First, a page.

Nov 26, 2009 | Medion PC Desktops

3 Answers

I installed a win 7 beta version on my pc..and when i wanted to revert it into vista again it won't install anymore to any os except win 7. When i tried to install vista it cannot detect my HDD, and when i...

To make sure you install back again your Windows Vista and Windows XP is this.
  1. Go to Bios Setup and change the setting of your Hard Disk drive from Sata to IDE mode.
  2. Boot priority the CD/DVD Rom to run your Bootable CD/DVD.
This setting are quietly working, good luck!

Jul 29, 2009 | PC Desktops

1 Answer

Long periods of hard drive activity

Most likely, it could be the amount of ram you have in your computer. If your running low on ram and it is using the virtual memory your computer can be running all the time causing a slow down in whatever you do. Check to see how much ram you have :)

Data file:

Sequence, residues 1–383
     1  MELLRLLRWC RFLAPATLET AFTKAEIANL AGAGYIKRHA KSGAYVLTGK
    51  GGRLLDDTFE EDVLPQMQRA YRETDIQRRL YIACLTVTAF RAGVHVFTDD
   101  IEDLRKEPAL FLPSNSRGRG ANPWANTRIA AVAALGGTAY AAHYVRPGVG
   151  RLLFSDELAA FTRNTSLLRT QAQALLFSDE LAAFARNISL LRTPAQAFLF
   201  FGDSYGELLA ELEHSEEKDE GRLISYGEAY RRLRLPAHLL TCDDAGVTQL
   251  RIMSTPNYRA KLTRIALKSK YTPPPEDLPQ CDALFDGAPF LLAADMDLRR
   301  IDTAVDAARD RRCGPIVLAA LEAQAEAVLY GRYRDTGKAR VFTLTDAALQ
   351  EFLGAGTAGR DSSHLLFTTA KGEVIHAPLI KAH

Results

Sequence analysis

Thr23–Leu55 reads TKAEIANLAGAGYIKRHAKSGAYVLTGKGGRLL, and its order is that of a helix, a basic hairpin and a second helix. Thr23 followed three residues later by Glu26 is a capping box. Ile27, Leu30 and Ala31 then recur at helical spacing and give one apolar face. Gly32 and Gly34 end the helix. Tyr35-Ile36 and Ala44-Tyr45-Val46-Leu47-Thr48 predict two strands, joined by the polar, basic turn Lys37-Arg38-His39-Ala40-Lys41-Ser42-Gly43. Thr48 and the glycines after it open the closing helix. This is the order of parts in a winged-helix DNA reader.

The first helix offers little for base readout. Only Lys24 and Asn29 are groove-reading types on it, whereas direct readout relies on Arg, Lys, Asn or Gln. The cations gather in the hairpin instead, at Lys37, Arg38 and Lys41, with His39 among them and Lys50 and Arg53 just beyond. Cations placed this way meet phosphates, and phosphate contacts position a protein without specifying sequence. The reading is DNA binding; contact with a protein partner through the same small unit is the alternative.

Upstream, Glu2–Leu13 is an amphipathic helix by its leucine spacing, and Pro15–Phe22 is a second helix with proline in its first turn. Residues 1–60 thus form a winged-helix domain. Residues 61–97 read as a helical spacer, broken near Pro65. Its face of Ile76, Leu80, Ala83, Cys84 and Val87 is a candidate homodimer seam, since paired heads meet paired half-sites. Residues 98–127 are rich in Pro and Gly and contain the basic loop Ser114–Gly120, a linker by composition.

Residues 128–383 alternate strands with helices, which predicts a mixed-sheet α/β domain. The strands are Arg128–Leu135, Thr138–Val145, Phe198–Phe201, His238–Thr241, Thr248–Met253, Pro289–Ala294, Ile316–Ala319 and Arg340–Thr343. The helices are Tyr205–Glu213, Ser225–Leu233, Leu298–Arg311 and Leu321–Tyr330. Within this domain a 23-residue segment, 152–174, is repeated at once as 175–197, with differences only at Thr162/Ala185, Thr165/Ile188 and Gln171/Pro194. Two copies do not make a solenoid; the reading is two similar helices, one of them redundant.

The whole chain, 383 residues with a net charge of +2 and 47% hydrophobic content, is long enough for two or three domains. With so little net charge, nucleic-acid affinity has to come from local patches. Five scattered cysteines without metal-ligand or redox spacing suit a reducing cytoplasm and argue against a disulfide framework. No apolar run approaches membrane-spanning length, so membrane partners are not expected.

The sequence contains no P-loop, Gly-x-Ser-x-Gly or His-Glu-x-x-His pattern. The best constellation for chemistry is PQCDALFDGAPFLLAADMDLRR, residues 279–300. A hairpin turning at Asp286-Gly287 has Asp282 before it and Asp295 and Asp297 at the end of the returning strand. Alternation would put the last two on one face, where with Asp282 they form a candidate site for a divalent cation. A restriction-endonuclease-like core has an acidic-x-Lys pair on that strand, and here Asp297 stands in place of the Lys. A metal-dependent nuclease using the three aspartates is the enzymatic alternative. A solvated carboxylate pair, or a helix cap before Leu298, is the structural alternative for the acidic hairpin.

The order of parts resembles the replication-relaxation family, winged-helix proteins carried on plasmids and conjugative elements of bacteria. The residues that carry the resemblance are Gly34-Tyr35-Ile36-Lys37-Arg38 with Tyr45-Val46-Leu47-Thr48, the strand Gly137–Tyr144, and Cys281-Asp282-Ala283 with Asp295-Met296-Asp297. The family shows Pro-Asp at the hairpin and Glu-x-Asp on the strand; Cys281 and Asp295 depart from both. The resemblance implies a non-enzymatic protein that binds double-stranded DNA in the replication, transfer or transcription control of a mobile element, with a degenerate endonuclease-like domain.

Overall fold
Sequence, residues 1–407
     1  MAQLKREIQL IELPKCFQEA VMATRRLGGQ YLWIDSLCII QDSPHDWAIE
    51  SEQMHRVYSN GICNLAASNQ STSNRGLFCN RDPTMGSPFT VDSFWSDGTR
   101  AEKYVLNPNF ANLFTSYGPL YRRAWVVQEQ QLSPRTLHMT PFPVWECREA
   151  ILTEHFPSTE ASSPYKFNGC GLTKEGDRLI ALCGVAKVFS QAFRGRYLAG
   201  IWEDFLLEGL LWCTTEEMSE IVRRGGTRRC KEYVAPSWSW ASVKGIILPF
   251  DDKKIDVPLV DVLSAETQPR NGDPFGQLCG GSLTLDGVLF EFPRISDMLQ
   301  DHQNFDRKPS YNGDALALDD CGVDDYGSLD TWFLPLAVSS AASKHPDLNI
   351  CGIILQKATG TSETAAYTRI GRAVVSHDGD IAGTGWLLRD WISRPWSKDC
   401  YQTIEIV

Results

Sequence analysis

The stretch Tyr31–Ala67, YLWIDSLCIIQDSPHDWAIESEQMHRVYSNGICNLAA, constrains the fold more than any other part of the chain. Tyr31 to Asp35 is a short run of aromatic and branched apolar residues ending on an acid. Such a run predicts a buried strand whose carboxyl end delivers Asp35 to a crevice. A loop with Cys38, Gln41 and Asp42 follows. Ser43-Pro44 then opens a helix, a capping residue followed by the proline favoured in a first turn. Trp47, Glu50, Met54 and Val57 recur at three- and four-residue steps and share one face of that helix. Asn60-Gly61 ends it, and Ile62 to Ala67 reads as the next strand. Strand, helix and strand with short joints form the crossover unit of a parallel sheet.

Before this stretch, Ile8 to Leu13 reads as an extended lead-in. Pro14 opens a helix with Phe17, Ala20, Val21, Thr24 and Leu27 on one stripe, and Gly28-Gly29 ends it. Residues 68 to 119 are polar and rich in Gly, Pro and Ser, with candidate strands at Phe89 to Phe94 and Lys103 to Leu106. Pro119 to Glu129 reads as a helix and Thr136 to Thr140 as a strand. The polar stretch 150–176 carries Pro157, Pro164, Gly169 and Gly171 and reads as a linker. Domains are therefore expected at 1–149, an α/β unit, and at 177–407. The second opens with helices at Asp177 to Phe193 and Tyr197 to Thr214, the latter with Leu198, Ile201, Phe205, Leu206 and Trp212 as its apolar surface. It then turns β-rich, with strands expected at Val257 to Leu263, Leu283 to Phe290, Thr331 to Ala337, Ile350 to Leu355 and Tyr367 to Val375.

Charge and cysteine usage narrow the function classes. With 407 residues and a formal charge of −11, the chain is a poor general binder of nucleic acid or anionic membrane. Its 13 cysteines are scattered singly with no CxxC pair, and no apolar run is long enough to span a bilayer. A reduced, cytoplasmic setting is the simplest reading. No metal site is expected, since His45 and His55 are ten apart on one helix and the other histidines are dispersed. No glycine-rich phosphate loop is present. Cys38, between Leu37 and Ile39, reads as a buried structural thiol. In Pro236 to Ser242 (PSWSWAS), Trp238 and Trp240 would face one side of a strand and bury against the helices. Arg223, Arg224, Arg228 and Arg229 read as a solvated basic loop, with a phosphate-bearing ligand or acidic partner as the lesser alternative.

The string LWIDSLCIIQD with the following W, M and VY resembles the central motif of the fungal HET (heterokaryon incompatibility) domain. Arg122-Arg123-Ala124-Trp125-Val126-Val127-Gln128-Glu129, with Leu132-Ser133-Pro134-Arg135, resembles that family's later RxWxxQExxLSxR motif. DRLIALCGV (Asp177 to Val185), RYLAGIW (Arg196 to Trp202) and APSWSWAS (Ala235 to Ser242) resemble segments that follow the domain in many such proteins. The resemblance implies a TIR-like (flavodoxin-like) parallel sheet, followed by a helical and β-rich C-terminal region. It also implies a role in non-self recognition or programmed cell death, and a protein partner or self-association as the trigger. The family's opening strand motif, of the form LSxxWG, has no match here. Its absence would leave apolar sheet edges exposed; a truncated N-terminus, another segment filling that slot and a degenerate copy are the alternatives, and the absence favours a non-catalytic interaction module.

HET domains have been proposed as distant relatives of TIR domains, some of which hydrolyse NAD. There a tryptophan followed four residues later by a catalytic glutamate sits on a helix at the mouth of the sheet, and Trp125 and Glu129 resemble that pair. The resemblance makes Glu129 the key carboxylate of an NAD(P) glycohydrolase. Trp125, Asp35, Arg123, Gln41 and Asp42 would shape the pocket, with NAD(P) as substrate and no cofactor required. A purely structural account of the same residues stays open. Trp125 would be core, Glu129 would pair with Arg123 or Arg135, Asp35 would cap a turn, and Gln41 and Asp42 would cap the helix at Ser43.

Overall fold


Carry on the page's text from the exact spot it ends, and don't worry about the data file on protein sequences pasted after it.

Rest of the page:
Mar 24, 2009 | PC Desktops

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How do I transfer files from Windows 98se to Vista on my new computer

If you have a CD/DVD writer, you can write the files to a CD-R. If this is not an option, take out the HDD from he Win 98se machine and install it in the vista machine, if you have room. you might need to disconnect your CD/DVD drive in your vista machine to free up the EIDE ribbon cable.

option 3: